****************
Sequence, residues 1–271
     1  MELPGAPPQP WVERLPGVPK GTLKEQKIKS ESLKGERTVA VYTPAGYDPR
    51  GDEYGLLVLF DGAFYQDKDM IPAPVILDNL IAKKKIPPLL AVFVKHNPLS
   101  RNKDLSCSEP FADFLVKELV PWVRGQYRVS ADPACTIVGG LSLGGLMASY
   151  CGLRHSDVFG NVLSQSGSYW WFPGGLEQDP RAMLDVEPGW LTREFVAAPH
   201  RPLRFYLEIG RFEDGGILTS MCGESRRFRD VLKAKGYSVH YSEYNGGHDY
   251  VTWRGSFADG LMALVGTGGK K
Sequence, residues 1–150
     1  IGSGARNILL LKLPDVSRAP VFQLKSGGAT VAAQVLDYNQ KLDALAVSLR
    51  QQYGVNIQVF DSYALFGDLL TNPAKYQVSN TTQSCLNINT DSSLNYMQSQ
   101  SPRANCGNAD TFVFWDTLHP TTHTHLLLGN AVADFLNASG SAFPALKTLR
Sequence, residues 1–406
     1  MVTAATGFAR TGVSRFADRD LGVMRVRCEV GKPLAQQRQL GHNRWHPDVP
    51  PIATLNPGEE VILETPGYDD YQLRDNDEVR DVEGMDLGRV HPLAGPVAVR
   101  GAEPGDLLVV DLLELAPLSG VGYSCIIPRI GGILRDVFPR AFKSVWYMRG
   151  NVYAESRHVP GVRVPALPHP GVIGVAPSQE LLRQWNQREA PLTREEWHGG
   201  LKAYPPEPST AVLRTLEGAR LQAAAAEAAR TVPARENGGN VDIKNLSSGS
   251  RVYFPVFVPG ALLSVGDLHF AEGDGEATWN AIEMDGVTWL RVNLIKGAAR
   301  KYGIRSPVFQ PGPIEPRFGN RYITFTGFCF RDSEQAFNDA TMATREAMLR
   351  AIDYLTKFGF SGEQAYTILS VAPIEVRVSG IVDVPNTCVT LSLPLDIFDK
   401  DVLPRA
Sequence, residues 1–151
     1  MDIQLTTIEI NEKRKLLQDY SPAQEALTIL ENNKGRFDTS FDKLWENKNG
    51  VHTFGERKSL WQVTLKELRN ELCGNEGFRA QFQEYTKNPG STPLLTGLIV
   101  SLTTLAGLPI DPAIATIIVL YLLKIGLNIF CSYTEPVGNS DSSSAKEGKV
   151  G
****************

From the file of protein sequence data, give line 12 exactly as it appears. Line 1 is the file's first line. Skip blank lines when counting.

Sequence, residues 1–406